Ancient Hoplites

Ancient Hoplites

Friday, June 15, 2018

Some Kleros More Equal than Others: An Excerpt

At the start of the month I talked about the Spartan land reform, an effort to ensure every Spartan citizen had enough land to ensure his independence, i.e. his ability to devote himself to the profession of arms. Each kleros had to sufficient produce for 50% of the harvest to pay the citizen's contribution to his syssitia and the agoge fees for any sons he had.  But while every Spartiate had a kleros, many had more than a kleros, and, as this excerpt underlines, not all kleros were equally productive -- and much depended on the ability of a man's wife to manage his estate effectively.


They left by the back door and went along the path behind the kennels and stables toward the rushing stream. The ruins of the mill were still charred and ominous amidst chestnut trees that, despite the fire which had shorn them nearly two years ago, were now sprouting buds. "Aren't you going to rebuild?" Agesandros asked, nodding to the ruins.

"I don't know. I can't afford to right now. Maybe I'll let someone else rebuild.  Orsippos came to me the other day and says he knows a man who'd be willing to rebuild at his own expense if I give him a 10% discount on the subsequent rents. That would be a very good deal for him, of course." Alethea cast Agesandros a little, bemused smile. "He'd be able to pay off his investment in five years or so, and be perpetually better off thereafter. I hesitate to make such a bad deal on Niko's behalf -- even if it means going without the mill income for another couple of years."

Agesandros looked at her sidelong. She spoke of these economic considerations with a self-assurance he would not have had -- not to mention his mother or sister. ...

He focused his thoughts on the present again by focusing on the mill ruins and was reminded of what his own kleros was like. There was no mill there to supplement his income. Nor were there any orchards or vineyards. The old resentments filled him for a moment, but he did not want to resent Alethea. He was tired of being bitter.

Alethea noted his change of mood, but she hesitated to ask what was wrong.

Agesandros pulled himself together, nodding shortly at the mill again to remark in as neutral a tone as he could manage, "my father got a piece of bad land cut out of a large estate without even a house on it -- much less a mill. It was pastureland on a steep incline. We've had to terrace it stone-by-stone to make it support barley. We don't have a single tree for shade, much less olive oil or fruit. And there's no wine either."

Alethea listened with a growing sense of helplessness. She knew Agesandros was a New Citizen. Euryanax had lectured her at length about the imperfection of the Land Reform precisely because the land plots were equal in size but not in productivity. "I -- I know the Land Reform wasn't entirely fair," she told Agesandros anxiously.  "But what would have been better? You couldn't cut houses in half or draw the borders squiggling through the countryside. Many men wouldn't have voted for the Reform at all, if they'd thought they would lose their very homes...." Her arguments sounded weak to her, and her voice trailed off.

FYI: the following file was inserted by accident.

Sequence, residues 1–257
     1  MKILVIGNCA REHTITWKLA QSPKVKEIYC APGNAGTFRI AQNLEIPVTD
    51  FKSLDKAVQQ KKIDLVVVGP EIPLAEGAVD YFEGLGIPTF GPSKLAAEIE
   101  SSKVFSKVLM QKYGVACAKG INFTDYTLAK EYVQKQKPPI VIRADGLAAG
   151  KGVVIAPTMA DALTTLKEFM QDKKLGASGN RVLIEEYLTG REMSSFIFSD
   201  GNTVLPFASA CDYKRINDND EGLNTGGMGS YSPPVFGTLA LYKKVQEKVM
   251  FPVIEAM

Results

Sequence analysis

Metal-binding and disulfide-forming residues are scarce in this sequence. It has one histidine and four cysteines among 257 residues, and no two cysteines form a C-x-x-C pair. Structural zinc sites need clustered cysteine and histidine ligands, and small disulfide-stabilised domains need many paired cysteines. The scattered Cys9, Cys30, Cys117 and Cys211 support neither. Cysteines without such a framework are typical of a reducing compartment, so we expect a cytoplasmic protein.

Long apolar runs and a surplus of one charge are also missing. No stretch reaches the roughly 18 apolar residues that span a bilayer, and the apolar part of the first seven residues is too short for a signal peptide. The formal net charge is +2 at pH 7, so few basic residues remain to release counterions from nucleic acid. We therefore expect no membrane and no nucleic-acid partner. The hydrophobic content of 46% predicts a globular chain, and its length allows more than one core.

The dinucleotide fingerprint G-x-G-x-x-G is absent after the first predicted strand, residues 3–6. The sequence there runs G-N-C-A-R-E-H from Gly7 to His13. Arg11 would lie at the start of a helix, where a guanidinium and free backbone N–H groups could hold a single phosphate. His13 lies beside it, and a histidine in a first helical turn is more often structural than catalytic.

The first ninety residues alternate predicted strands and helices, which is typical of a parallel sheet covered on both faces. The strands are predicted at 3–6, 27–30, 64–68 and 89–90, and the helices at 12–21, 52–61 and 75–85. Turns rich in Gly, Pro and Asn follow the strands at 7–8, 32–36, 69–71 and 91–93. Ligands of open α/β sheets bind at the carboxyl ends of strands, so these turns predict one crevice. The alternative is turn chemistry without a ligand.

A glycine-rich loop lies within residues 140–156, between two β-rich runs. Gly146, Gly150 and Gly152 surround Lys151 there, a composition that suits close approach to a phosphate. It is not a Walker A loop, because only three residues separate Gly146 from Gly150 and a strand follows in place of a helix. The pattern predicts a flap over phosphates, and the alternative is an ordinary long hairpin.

Agesandros considered her earnestly, realizing that he hadn't expected even this much understanding. Then again, intuitively he had known she was not a woman who was indifferent to the sufferings of others. He had only to think of Leon.  "I didn't mean to complain. Where else in the world have men without anything been given land at all? Besides, a city-rat like me wouldn't know how to manage all this." He gestured vaguely toward her vineyards and orchards. "I've barely learned the essence of planting barley." He offered the latter with a short laugh.

"But your wife should manage things for you," Alethea remarked, flushing at her own boldness, and not daring to meet his eyes when she flirted so shamelessly.

"True. That's why I need to marry a woman who understands something of -- barley."

"More than that!" Alethea insisted looking up and seeing -- too late -- the glint of amusement in his green-gold eyes. 

"I only have barely."

"But I'm sure that's not all your kleros could produce,"  Alethea countered, adding eagerly, "look at this. You don't think this kleros was always this diverse, do you? When the reforms came we had only the olives and a strip of barely. We'd lost our pastures and vineyards and fruit orchards, the flax fields and--" She stopped herself recognizing too late that in listing all Euryanax had lost she only emphasized how rich he had once been.

But Agesandros knew how rich Euryanax had been and he was not offended, only surprised.

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